Journalistic Standards?

It’s a regular morning ritual with me; morning coffee, breakfast, and the newspaper. This morning on the front page of the Washington Post I saw and read two articles, both of which were described by my husband as “juicy”.
The first one I read was about the shananagins of an enterprising radio host on radio channel 99.5 who arranged for an intern to stand on the side of a busy highway carrying a sign identifying himself as an adulterer who was forced to hold up the sign for all to see as his punishment.
As printed in The Post,
“Kane (who refuses to disclose his own real name) now says he hoaxed the media as an experiment in fluff tolerance and fact-checking standards. He then proceeded on his show, and via Twitter, to criticize reporters who’d tried to fact-check the story he’d concocted to check up on fact-checking.
Coverage of the ersatz adulterer made news worldwide and became a Web sensation. For many onlookers, “Taylor’s” sign-bearing served as a catalyst for musings on contrition and the messier corners of love.”
Kane berated journalists for not bothering to fact check the veracity of the story to confirm that the so-called adulterer actually cheated on his wife….
Yes that is interesting , but more horrifying to me in evaluating the present state of the media was the lead story in Reliable source about the current article running in Vanity Fair theoretically authored by ex-boyfriend of Sarah Palin’s eldest daughter, Levi Johnston. Did Johnston actually write the article? A junior editor spent three days interviewing Johnston and subsequently worked with him to “craft” the piece. Paying a source for a story that consists of telling juicy stories on his observations of the shortcomings, vices, and weaknesses of the former Vice Presidential candidate and Alaskan governor seems pretty tacky to me. Particularly when these “seamy tales” don’t really offer up any new insightful information. Yes, I already knew that Palin leaves much to be desired as a political leader–doesn’t read the newspaper, is selfish, and vain. Please tell me something I don’t know. Is this what our media needs to stoop to in order to attract readers. It’s a sad commentary on our society and much more disturbing than how the media reacts to an odd fellow holding up a sign.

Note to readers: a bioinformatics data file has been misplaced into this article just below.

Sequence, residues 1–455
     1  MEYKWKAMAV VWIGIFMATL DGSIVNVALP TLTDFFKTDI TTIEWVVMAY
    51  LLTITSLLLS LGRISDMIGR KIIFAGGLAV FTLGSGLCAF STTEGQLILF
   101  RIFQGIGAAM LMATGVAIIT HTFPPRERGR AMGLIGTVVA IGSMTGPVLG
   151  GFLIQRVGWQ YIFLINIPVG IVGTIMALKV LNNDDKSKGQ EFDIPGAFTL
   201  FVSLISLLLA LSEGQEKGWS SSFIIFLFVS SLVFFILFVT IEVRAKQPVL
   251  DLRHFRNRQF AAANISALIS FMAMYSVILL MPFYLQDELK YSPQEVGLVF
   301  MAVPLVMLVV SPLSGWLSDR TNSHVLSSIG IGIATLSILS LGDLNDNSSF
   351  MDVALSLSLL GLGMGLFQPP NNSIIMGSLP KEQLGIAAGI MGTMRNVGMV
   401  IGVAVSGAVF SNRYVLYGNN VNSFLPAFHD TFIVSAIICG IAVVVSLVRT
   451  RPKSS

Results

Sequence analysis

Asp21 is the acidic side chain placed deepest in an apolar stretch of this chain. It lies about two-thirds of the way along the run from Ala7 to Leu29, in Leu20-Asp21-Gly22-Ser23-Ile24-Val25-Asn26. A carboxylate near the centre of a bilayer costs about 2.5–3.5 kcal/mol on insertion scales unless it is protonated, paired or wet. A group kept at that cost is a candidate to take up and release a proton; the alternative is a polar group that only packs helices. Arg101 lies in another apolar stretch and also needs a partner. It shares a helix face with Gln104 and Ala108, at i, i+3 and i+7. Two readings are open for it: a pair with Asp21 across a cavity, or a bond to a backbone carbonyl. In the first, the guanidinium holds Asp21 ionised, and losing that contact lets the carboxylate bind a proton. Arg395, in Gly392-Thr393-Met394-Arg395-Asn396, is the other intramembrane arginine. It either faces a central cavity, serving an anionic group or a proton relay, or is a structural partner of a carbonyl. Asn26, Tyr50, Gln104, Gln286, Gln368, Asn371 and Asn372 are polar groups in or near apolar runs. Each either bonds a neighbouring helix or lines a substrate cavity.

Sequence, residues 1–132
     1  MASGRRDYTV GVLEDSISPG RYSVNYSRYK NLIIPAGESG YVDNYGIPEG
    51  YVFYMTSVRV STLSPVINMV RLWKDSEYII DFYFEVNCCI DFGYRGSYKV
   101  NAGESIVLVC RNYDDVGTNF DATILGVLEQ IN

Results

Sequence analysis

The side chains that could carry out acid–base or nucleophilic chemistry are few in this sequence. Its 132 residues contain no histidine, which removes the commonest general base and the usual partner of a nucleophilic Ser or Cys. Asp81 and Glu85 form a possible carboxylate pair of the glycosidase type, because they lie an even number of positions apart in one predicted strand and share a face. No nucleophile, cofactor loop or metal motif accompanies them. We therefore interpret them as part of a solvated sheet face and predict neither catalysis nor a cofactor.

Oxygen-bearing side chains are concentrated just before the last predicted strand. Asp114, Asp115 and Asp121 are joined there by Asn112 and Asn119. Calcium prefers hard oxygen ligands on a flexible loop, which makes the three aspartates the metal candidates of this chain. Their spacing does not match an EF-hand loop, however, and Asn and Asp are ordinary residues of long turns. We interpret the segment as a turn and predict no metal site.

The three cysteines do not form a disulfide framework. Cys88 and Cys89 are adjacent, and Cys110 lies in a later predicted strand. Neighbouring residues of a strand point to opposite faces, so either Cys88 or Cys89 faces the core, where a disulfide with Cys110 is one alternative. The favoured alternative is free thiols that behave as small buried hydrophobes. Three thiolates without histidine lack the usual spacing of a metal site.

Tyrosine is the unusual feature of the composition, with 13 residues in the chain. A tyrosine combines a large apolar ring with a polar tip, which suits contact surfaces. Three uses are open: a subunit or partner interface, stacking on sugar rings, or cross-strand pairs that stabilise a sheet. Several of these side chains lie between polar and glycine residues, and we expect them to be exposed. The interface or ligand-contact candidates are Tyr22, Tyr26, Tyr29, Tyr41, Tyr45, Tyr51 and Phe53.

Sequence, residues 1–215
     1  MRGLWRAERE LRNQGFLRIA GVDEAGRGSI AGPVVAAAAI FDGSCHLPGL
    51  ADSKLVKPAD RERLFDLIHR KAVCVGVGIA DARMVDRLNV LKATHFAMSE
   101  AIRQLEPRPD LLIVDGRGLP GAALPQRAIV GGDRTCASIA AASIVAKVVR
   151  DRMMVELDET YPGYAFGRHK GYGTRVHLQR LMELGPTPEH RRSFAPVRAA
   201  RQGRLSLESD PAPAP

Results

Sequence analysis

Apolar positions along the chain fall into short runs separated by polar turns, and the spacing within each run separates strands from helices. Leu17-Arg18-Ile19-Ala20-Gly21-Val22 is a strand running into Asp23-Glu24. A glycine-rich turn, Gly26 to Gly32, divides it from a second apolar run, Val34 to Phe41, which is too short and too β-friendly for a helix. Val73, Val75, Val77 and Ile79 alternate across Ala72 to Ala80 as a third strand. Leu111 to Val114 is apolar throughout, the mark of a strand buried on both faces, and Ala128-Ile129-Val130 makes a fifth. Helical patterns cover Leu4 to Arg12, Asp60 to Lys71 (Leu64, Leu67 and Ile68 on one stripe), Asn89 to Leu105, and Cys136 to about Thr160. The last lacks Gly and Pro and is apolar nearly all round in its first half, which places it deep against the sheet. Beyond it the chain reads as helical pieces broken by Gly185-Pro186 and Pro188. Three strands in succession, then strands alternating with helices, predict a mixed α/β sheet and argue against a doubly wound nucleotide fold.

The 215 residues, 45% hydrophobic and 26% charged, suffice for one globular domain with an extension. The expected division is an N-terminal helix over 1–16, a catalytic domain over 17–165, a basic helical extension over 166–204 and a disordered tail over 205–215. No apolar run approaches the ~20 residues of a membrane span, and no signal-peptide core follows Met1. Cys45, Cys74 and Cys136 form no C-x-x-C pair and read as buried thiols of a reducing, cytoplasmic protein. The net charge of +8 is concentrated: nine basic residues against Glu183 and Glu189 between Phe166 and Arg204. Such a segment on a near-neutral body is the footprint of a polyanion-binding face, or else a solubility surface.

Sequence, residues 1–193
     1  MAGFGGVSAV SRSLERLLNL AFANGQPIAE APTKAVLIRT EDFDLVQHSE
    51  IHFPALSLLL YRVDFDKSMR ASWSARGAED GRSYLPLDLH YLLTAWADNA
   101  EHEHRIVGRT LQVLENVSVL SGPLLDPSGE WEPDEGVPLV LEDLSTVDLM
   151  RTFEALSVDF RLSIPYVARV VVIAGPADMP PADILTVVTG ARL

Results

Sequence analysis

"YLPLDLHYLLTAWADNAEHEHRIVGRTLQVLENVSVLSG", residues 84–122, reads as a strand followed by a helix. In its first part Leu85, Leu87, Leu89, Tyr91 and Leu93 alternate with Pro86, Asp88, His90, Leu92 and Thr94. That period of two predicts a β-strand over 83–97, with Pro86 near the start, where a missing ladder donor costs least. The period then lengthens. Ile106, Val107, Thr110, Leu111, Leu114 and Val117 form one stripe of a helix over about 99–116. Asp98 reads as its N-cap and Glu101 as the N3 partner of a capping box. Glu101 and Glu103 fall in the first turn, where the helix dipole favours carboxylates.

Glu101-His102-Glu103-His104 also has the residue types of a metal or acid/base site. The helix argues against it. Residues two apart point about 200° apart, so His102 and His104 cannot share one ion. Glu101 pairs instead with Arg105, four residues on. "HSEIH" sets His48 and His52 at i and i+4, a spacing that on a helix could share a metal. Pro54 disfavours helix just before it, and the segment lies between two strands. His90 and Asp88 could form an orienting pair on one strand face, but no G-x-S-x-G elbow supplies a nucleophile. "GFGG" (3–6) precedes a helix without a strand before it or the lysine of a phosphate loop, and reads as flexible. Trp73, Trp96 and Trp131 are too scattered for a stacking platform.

I guess The Washington Post did okay because they got me thinking and blogging about their style section.
Journalistic communication can be used in many ways. Inform and teach are at the top of my list.

Published by Nadja Maril

Nadja Maril is a communications professional who has over 10 years experience as a magazine editor. A writer and journalist, Maril is the author of several books including: "American Lighting 1840-1940", "Antique Lamp Buyer's Guide", "Me, Molly Midnight; the Artist's Cat", and "Runaway, Molly Midnight; the Artist's Cat". Her short stories and essays have been published in several small online journals including Lunch Ticket, Change Seven, Scarlet Leaf Review and Defunkt Magazine. She has an MFA in creative writing from Stonecoast at the University of Southern Maine. Former Editor-in-Chief of What's Up ? Publishing, former Editor of Chesapeake Taste Magazine a regional lifestyle magazine based in Annapolis, and former Lighting Editor of Victorian Homes Magazine, Maril has written hundreds of newspaper and magazines articles on a variety of subjects..

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